Blog di Dino Ciuffetti (Bernardino in realtà)

19 Mar 14 TSL2561 light sensor on Raspberry pi in C

After I bought a new TSL2561 digital light sensor from Adafruit, I found that the very cool and small device cannot be accessed directly from linux (rasbian doesn’t have it’s kernel module compiled). Since I didn’t want to cross recompile my whole raspberry pi kernel just to have the tsl2563.ko driver enabled, and since it seems that raspbian does not relase genuine kernel headers to just compile custom kernel modules, I decided to write a user space simple library driver in C.

I found out that Adafruit relases proof of concept libraries written in C++ and python to access its hardware devices, the problem is that the c++ version is ready for arduino but it was not so directly usable for my raspberry pi. It also makes use of an adafruit unified sensor library and other external stuff. Since I am too lazy I decided yesterday to write a new simple library in plain C without external dependencies, just ready for my raspberry pi.

This is the arduino version that inspired me:
This is another cool blog post that inspired me (it now seems dead!!):

This is an example:

/* prepare the sensor
(the first parameter is the raspberry pi i2c master controller attached to the TSL2561, the second is the i2c selection jumper)
The i2c selection address can be one of: TSL2561_ADDR_LOW, TSL2561_ADDR_FLOAT or TSL2561_ADDR_HIGH
TSL2561 light1 = TSL2561_INIT(1, TSL2561_ADDR_FLOAT);

/* initialize the sensor */
rc = TSL2561_OPEN(&light1);

/* sense the luminosity from the sensor (lux is the luminosity taken in "lux" measure units)
the last parameter can be 1 to enable library auto gain, or 0 to disable it */
rc = TSL2561_SENSELIGHT(&light1, &broadband, &ir, &lux, 1);



gcc -Wall -O2 -o TSL2561.o -c TSL2561.c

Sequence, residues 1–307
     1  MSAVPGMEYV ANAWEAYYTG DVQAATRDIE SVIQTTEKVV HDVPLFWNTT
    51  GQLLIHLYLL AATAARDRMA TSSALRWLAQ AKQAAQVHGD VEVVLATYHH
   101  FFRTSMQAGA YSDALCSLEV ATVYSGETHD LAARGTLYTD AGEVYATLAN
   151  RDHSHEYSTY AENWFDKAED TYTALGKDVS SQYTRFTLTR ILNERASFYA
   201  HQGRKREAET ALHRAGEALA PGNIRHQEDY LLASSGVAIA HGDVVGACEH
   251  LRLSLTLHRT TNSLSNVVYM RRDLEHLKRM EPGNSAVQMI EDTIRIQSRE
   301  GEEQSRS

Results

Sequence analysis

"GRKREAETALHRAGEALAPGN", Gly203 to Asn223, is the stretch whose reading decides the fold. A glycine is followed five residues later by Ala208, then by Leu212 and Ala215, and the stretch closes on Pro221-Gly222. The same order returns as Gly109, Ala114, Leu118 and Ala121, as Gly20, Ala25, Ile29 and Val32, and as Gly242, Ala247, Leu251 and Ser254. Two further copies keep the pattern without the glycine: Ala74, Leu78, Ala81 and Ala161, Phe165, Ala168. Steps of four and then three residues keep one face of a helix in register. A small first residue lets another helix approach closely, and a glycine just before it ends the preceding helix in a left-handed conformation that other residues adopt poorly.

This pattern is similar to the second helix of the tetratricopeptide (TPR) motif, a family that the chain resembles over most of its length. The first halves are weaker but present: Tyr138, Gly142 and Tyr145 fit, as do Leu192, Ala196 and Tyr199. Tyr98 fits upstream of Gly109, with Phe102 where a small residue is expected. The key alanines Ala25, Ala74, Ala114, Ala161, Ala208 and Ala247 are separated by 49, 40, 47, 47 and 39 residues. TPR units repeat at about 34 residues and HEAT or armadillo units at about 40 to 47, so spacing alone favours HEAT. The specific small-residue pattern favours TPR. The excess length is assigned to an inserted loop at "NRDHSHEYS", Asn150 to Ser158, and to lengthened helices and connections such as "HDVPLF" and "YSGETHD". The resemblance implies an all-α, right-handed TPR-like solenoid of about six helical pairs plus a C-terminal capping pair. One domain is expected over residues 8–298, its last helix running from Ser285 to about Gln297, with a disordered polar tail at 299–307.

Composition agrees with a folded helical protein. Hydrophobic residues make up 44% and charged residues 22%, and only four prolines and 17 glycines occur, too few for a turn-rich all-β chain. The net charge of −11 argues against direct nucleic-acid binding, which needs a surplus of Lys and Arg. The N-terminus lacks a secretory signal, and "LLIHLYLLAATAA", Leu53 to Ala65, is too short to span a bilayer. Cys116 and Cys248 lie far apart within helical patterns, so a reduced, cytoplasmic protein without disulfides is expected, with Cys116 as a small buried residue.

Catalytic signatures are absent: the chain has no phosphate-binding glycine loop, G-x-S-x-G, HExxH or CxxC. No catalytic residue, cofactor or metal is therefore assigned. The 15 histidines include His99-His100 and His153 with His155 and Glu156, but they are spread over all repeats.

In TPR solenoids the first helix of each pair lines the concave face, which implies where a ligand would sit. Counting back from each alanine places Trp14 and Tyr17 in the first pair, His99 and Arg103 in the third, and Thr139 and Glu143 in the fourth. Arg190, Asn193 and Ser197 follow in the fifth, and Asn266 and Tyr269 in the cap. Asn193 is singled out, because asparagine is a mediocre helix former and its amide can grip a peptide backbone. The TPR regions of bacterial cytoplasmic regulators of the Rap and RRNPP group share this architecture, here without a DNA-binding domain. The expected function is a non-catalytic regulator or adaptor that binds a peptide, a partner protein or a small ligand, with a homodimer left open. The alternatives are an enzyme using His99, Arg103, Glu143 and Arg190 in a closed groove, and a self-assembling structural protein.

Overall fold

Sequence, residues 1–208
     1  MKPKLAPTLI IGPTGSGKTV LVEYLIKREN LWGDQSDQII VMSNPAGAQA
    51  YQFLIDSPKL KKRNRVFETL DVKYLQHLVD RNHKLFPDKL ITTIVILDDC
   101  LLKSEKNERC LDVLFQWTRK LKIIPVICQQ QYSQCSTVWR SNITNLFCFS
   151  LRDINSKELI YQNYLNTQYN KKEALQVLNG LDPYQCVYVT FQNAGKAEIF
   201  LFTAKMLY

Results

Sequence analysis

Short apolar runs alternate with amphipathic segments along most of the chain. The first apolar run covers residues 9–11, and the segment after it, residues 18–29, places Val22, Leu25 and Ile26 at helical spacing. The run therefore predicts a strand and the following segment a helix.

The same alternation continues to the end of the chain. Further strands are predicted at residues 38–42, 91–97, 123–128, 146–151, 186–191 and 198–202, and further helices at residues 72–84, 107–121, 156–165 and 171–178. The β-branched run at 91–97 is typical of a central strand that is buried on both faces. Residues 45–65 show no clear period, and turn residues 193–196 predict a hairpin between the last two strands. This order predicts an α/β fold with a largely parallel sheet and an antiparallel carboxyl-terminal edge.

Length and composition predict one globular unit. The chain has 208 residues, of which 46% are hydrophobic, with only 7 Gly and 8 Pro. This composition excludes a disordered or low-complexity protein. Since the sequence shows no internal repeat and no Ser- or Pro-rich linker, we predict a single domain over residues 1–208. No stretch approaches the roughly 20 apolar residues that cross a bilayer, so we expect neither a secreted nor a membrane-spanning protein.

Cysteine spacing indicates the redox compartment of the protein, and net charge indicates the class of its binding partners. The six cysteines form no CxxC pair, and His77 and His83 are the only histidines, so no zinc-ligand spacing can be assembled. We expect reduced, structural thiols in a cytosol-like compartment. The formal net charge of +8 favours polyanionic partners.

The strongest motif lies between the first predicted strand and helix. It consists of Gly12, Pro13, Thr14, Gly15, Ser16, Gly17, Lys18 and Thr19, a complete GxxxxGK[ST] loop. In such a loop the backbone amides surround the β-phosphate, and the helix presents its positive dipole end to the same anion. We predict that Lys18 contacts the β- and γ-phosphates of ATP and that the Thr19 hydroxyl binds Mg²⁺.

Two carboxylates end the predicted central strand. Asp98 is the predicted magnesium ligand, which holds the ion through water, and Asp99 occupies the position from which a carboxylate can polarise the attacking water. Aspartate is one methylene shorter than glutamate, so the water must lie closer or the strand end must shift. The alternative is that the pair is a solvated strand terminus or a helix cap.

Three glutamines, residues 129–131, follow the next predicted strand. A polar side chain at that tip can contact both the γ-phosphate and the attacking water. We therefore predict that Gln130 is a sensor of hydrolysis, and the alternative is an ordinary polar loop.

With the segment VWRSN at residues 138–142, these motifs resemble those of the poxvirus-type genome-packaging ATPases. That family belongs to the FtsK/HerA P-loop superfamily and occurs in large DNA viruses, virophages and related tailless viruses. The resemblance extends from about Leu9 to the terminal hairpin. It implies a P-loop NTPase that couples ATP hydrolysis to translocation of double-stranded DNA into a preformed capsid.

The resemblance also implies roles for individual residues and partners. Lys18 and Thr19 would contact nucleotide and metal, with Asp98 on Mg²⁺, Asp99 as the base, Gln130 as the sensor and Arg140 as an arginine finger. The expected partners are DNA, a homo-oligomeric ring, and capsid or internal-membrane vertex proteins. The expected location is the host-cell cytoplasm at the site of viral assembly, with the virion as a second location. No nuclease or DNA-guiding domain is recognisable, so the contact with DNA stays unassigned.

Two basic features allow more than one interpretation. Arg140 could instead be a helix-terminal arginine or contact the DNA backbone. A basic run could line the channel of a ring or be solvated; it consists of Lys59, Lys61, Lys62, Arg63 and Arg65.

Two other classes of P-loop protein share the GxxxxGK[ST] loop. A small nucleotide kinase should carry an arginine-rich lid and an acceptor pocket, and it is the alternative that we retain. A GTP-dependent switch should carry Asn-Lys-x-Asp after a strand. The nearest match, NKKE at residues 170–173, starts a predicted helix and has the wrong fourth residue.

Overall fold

gcc -Wall -O2 -o TSL2561_test.o -c TSL2561_test.c
gcc -Wall -O2 -o TSL2561_test TSL2561.o TSL2561_test.o

The output is like this:

root@rasponi:~/test/gpio# ./TSL2561_test
Test. RC: 0(Success), broadband: 141, ir: 34, lux: 12

As you can see it’s very easy at this point to get the light measures in C. Just include TSL2561.c and TSL2561.h inside your project and use the public APIs to setup and sense the IC.

I decided to release the code with the liberal apache v2 license, so feel free to include it into your commercial projects if you like.

It’s useful for me, and I hope that it can be useful to you too. Obviously it comes with absolutely no warranty.

p.s.1: I left the hardware stuff out of this article (just attach +vcc, gnd and i2c bus to the sensor
p.s.2: you have to load two kernel modules to get i2c bus working on you Raspberry pi:

modprobe i2c_bcm2708
modprobe i2c_dev

Ciao, Dino.


This is an example on how to use all 3 sensors on the same i2c bus:

#include <stdio.h>
#include <string.h>
#include "TSL2561.h"

int main() {
	int i;
	int rc;
	uint16_t broadband, ir;
	uint32_t lux=0;
	TSL2561 lights[3]; // we can handle 3 sensors
	// prepare the sensors
	// (the first parameter is the raspberry pi i2c master controller attached to the TSL2561, the second is the i2c selection jumper)
	// The i2c selection address can be one of: TSL2561_ADDR_LOW, TSL2561_ADDR_FLOAT or TSL2561_ADDR_HIGH
	// prepare all sensors
	/* cannot assign that way
	lights[0] = TSL2561_INIT(1, TSL2561_ADDR_LOW);
	lights[1] = TSL2561_INIT(1, TSL2561_ADDR_FLOAT);